Concert review: Salzburg Hyperion Ensemble at the Library of Congress

SPECIALISTS: The members of the Salzburg Hyperion Ensemble have carved out a niche for themselves.
SPECIALISTS: The members of the Salzburg Hyperion Ensemble have carved out a niche for themselves.
By Robert Battey
Special to the Washington Post
Monday, February 7, 2011

The literature for string sextet encompasses only a half-dozen major works, so one cannot help but be impressed that the Salzburg Hyperion Ensemble has eked out a career playing this sliver of the repertoire since 1996. The group presented half the canon (Strauss, Schonberg, Brahms) at the Library of Congress on Friday.

At this performance, the ensemble was an entertaining assemblage; five men dressed in casual black and one striking woman wearing a shimmering blue gown (calling even further attention to herself by impassioned mugging during rests).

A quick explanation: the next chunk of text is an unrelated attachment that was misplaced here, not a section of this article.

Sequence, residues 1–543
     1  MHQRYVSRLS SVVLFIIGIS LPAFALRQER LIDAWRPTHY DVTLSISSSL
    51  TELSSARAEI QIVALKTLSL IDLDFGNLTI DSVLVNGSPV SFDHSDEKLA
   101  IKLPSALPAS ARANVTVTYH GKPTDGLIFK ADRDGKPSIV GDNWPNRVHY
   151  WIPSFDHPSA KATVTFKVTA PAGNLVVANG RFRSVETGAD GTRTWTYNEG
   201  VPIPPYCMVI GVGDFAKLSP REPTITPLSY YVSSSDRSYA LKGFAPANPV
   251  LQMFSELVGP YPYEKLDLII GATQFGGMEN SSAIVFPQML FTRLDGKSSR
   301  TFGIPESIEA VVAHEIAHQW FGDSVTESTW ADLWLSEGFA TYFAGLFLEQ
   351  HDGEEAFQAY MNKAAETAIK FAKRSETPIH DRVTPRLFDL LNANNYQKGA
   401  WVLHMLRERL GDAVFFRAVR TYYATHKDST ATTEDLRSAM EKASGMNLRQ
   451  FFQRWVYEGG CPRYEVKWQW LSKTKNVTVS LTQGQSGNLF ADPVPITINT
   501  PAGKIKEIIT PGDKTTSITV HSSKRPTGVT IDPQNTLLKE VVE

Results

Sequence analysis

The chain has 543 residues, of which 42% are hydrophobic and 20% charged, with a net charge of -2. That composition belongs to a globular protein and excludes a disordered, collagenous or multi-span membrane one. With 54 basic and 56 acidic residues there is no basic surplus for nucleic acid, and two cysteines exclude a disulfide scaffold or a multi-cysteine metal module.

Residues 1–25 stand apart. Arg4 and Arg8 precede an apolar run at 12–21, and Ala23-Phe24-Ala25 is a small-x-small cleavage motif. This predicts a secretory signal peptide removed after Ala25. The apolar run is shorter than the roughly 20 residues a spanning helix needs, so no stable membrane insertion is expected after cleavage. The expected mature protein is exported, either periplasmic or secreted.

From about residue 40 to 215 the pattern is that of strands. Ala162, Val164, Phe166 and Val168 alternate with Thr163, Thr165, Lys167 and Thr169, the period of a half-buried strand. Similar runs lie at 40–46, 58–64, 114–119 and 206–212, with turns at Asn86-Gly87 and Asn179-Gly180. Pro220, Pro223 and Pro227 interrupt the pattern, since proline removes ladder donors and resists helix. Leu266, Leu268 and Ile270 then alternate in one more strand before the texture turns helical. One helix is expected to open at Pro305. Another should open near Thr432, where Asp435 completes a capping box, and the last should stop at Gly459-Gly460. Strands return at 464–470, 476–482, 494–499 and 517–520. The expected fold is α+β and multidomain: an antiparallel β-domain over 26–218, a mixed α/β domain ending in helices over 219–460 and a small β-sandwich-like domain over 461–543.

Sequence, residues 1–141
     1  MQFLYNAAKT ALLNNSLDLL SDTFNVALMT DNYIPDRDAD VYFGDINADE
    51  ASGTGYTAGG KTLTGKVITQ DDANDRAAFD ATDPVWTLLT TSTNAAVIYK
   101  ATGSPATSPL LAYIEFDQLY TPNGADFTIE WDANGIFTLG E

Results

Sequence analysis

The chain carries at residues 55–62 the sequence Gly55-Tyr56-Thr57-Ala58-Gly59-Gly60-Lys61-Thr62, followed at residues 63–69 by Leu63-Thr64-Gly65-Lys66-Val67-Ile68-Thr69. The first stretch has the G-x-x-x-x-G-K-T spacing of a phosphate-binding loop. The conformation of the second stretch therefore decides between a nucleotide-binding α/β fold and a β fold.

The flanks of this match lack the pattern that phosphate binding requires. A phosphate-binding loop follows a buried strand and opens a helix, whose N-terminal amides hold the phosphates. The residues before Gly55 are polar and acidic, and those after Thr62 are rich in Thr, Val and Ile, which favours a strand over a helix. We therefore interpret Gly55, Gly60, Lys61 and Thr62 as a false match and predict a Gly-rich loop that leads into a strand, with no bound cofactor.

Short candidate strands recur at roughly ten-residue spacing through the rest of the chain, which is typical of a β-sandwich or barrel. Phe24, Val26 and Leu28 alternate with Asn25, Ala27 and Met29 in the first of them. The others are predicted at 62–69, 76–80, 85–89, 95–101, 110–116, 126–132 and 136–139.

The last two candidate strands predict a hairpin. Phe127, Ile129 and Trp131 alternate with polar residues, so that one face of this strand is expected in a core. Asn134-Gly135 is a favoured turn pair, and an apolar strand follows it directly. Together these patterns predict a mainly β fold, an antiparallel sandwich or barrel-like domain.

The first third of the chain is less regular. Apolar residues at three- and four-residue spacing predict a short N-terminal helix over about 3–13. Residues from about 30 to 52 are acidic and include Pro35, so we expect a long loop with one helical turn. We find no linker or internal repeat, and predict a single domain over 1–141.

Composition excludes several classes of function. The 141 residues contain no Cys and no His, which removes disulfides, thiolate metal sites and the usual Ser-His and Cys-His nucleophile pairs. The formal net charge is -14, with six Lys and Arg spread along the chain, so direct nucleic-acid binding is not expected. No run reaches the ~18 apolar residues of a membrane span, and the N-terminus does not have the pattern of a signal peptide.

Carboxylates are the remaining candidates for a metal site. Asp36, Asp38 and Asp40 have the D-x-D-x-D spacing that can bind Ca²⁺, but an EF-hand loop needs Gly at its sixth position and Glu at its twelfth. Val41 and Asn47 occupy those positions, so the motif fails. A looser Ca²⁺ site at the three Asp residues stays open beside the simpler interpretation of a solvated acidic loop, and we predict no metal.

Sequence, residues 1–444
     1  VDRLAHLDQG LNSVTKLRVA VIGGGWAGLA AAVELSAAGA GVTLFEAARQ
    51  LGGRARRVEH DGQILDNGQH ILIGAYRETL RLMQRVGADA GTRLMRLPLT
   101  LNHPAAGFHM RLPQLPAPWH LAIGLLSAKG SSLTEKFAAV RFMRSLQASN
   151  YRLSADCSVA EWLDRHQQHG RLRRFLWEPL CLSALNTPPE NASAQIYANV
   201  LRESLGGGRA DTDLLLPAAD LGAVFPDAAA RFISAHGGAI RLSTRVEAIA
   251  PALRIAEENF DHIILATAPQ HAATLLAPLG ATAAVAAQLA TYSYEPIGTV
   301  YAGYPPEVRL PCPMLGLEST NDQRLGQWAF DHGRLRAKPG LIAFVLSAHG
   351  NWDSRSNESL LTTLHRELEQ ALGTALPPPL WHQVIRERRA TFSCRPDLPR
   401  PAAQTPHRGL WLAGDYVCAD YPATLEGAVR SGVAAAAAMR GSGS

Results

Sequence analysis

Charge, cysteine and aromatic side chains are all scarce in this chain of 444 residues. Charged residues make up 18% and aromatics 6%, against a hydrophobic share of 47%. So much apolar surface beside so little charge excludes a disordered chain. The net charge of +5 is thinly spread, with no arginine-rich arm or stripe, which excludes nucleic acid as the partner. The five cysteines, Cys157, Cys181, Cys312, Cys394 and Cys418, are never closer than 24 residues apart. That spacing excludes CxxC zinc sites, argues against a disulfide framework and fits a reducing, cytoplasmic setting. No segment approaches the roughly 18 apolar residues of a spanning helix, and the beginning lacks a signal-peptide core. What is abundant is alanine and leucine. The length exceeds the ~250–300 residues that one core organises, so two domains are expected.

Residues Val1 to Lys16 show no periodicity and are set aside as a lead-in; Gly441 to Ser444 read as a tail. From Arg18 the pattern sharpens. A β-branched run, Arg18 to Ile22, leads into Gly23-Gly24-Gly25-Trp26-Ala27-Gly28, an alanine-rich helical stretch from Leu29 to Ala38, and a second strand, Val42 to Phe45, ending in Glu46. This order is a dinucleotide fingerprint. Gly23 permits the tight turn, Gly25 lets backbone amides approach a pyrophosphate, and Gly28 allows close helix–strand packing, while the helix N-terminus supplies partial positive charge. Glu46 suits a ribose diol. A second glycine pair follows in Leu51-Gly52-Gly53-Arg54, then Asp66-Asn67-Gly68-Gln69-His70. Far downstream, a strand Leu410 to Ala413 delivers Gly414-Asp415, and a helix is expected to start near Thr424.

While they have clearly prepared the music to a level of precision and integration that one rarely encounters in this literature, they are strikingly heterogeneous players. All contributed high-quality artistry, but there were many, many balance problems throughout the evening. The principal voices were clearly delineated (everyone making space for them), but melodic lines split between two or more instruments often came out like someone was fiddling with the volume-control knob. The players' differences in sound and approach tickled the ear in some senses, but shortchanged the music in others.

The ensemble's greatest strength is in its almost effortless control of tempo; the larger the group, the harder it is to maintain an internal motor, but these musicians shifted gears and held tempos without any sense of being led by anyone. Very impressive. In Schonberg's "Verklarte Nacht," they perhaps tried too hard to depict the poem underlying the piece, with portentous pauses that impeded the flow. But the performance gradually took hold, one imaginative detail after another. A fine evening overall. Battey is a freelance writer.

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